By Elizabeth Newell Jochum
September 29, 2009A key senator on Tuesday encouraged the General Services Administration and the Office of Management and Budget to proceed with care as they consolidate and improve the federal government's numerous contracting databases.
Sen. Claire McCaskill, D-Mo., chairwoman of the Senate Homeland Security and Governmental Affairs Subcommittee on Contracting Oversight, said during a hearing it will be crucial early on to conduct oversight of a contract to design a new enterprise architecture to move eight disparate databases under a single platform where services are shared.
"Now is the time for us to look forward, to ask tough questions before the government gets embroiled in a costly contract that may not be the best way forward," McCaskill said.
The General Services Administration still is reviewing bids for the massive Architecture and Operations Contract Support agreement, which originally was scheduled to be awarded by the end of September, but now is due by the end of October. The new setup is designed to consolidate electronic and paper systems that have been brought under the umbrella of the GSA-run Integrated Acquisition Environment but remain separate databases with unique data elements, reporting capabilities, user accounts and security certifications. They also are maintained by separate contractors. McCaskill noted that the contract does not include improvements to the underlying database systems. The government, however, will award future contracts to "improve and enhance the software throughout the life of the AOCS contract," she said.
Federal Chief Information Officer Vivek Kundra said that while the Integrated Acquisition Environment was a tremendous improvement, the fact that each of the eight systems was originally developed independently, used different software and operated on different hardware platforms run by different contractors created major challenges.
"In this complex stove-piped environment, it was difficult to respond to policy or technology changes in timely manner," Kundra said.
He added these limitations led to the decision to rethink and consolidate the Integrated Acquisition Environment, which is made up of Central Contractor Registration, the Federal Register, the Excluded Parties List System, the Electronic Subcontracting Reporting System, Federal Business Opportunities, the Federal Procurement Data System, the Online Representations and Certifications Application, and Wage Determination Online.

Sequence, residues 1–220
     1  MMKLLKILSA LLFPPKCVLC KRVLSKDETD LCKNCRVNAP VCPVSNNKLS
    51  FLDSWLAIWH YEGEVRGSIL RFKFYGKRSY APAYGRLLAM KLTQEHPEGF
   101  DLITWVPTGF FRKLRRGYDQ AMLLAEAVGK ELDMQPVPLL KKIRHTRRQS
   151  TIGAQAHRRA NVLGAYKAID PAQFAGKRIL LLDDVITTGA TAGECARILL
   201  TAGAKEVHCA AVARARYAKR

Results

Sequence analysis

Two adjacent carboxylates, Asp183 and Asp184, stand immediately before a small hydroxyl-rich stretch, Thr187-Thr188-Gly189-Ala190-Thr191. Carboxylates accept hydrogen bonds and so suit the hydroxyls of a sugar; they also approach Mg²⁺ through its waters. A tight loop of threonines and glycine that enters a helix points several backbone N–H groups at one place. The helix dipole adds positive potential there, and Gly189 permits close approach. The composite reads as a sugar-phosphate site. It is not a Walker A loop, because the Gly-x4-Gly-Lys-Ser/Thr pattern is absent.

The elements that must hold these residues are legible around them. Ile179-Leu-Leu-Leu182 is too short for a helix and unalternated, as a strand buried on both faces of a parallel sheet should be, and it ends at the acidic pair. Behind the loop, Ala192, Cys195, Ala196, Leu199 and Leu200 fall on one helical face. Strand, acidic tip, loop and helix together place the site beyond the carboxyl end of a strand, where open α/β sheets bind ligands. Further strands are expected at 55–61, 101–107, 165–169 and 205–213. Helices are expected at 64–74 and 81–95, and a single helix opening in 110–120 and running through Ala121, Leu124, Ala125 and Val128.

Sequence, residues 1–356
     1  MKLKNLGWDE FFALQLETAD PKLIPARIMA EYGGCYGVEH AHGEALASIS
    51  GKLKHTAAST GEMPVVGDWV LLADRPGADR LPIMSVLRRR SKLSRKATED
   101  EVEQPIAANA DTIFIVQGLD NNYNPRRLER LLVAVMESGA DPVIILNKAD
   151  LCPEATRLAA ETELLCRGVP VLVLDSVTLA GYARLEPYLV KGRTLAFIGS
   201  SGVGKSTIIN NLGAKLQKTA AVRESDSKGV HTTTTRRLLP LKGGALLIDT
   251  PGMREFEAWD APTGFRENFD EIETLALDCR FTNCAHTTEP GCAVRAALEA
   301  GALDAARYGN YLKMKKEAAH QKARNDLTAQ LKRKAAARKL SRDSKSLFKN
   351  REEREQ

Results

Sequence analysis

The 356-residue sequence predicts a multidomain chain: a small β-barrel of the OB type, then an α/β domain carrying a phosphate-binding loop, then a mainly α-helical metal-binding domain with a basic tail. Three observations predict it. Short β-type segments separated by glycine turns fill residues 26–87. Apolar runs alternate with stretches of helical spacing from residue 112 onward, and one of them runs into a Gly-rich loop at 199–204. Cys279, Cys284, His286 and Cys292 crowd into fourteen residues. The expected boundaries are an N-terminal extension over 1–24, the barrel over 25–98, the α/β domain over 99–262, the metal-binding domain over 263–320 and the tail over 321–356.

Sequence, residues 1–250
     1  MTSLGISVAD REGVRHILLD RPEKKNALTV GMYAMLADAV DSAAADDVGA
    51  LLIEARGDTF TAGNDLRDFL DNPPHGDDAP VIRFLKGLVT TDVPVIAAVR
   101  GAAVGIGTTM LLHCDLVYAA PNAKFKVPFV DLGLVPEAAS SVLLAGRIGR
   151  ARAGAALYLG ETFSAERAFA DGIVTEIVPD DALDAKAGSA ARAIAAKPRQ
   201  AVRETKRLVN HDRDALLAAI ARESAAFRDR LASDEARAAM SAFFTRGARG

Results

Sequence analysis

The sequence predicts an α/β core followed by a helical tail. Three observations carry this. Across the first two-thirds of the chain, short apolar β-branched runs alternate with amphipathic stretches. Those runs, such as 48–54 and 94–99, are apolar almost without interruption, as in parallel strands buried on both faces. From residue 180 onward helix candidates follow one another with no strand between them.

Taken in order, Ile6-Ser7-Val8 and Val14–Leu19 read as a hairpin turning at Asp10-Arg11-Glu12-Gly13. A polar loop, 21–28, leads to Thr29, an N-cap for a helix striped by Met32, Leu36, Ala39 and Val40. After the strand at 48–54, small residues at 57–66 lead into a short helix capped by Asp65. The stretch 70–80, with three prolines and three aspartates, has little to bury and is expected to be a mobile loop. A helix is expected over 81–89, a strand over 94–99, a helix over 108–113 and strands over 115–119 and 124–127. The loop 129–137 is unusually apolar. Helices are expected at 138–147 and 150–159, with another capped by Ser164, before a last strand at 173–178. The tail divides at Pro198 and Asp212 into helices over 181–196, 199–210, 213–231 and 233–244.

While witnesses from the Government Accountability Office, the nonprofit OMB Watch and the industry group TechAmerica weighed in on how to improve databases, they had not been aware of the contract to move them under a single platform until they started preparing for the hearing. McCaskill called this "scary" and expressed concern that it could indicate a lack of end-user engagement by GSA.
"IT 101 is you better talk to the people who are going to use the system … instead of just having people design it in a vacuum," McCaskill said. "You are three major end users and there is no bigger and more important end user of database information in government than GAO. You can't do your work in a meaningful, effective and efficient way if the databases are not reliable and user-friendly."
William Woods, director of acquisition and sourcing management at GAO, said part of what makes improving contracting databases so difficult is each system depends on the efforts of multiple agencies. He cited the Past Performance Information Retrieval System as an example where one agency sets the policy, another is responsible for maintaining the system, a third funds it and numerous others enter the actual data.
"It is therefore important not only to correctly diagnose the problems with contracting data systems, but also to develop solutions that can be implemented by the appropriate responsible agencies," Woods said.
Kundra said the integrated platform will help government improve data quality, simplify access to acquisition data and make contracting systems more user-friendly, but McCaskill warned of getting distracted from the primary goal of the reforms -- better information.
"If you build an egg carton and just move the eggs without busting the eggs and improving the data … and the ability to talk to one another, I don't know what we'll have accomplished," McCaskill said.
By Elizabeth Newell Jochum
September 29, 2009